Dr. Rita Bahuguna Joshi of the Allahabad University's medieval history dept. in her book 'Aurangzeb and his relations with Hindus' on pages 101-105 writes, " In reality Sikhism was not a religion, just a sect that was founded on principles of Hinduism. After Guru Nanak the Gurus abandoned the path of spiritual devotion and fell into wicked world (materialism?) and started extorting religious tax. Despite political activities of the Sikhs Aurangzeb did not interfere with the affairs of the Sikhs. Aurangzeb was religiously impartial. Conflict between the Sikhs and Moguls started in 1676."

"Guru Teg Bahadur passed away. Accusation was leveled against Aurangzeb that he martyred Guru Teg Bahadur. Some Sikhs historians say ‘some unknown person murdered Guru Teg Bahadur.’ Why would Aurangzeb want to martyr Guru Teg Bahadur and cause upheaval in Punjab when the Sikhs had become a continuous cause of dilemma for him inciting people against him and extorting taxes from the people from 1663 to 1675?"

"The fact is Guru Teg Bahadur wanted to martyr himself purposely because there was tussle for the guru-ship at the time. They (Sikhs) were divided amongst themselves. The Guru by martyring himself in the name of religion wanted to bring about and solidify Sikh unity and solidarity. So Aurangzeb was in no way responsible for the death of Guru. It is unjust to place blame on him for Guru's death."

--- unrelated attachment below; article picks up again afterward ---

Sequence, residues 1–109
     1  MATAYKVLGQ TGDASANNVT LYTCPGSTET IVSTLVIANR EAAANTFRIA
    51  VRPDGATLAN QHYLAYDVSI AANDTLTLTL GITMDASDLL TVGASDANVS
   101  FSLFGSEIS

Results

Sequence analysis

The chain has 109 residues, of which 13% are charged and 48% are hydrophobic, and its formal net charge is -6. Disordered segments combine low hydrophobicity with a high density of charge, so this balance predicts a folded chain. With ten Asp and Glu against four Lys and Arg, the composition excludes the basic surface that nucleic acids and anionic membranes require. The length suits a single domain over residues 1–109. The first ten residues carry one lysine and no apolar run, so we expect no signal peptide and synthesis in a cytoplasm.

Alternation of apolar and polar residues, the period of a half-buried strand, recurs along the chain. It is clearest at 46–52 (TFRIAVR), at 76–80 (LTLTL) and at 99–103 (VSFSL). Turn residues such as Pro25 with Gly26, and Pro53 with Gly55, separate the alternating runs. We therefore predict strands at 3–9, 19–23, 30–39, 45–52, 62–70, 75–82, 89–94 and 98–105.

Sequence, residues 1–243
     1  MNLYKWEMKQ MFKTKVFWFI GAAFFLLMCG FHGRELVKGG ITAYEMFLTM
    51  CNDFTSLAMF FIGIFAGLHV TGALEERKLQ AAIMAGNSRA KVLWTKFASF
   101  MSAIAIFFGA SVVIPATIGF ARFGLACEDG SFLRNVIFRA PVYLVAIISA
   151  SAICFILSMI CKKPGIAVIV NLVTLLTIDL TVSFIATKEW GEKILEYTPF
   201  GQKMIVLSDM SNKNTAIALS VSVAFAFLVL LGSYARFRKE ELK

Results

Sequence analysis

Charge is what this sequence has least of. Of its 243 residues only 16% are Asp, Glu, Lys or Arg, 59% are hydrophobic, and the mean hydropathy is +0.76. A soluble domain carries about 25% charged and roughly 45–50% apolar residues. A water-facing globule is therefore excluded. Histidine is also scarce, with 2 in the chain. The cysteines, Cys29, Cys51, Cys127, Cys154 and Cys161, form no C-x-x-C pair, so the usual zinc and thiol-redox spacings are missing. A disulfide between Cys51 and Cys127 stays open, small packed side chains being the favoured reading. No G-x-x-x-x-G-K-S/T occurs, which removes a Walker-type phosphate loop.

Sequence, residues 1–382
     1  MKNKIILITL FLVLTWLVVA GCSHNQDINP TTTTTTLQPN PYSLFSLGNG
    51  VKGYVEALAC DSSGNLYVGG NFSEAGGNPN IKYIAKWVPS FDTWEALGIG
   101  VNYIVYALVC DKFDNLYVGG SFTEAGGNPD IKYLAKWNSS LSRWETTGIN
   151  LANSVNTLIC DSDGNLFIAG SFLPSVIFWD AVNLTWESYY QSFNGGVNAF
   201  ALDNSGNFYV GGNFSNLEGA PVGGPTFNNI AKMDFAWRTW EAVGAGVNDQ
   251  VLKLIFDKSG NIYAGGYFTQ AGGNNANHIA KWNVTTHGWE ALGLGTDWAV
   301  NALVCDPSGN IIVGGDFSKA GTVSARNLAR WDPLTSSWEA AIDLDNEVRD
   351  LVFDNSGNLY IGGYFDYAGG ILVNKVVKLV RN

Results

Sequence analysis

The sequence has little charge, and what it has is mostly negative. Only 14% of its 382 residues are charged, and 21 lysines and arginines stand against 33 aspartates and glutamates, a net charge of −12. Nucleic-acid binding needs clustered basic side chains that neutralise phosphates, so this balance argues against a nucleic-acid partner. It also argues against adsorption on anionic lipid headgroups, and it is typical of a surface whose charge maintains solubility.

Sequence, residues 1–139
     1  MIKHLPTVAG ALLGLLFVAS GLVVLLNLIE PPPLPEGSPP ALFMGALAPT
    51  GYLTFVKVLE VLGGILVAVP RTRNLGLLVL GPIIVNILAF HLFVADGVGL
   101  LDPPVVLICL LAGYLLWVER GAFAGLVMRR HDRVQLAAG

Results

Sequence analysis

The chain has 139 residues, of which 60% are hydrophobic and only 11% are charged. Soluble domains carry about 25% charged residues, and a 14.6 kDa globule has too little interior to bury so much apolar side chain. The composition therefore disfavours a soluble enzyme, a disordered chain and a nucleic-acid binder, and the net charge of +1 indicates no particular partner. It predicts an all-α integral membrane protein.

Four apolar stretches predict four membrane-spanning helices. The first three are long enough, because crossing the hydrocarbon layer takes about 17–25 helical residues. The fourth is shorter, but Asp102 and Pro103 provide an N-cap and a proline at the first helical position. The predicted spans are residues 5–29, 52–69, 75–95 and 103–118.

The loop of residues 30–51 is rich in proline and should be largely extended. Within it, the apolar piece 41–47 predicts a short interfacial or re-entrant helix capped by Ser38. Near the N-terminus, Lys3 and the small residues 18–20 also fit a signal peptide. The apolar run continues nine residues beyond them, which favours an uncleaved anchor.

"In the beginning the Sikhs engaged in the struggle but in the end Guru Gobind Singh having lost, conceded defeat. After the death of Aurangzeb, Bahadur Shah gave employment to Guru Gobind Singh under him. This way the conflict between Aurangzeb and Sikhs ended. In this conflict Aurangzeb was victorious. Without doubt Aurangzeb was not responsible for the Aurangzeb-Sikh conflict, nor did he have Guru Teg Bahadur murdered."

In the Social sciences book for the seventh grade students of Education Center, Rajiv Gandhi Education Mission, Bhopal, Madhya Pradesh, in the chapter 'Revolt of the Sikhs' on page 50 is written that Guru Teg Bahadur Jee built a castle in Anandpur Sahib and incited revolt against the Moguls. The emperor Aurangzeb after having him jailed hanged Guru Sahib.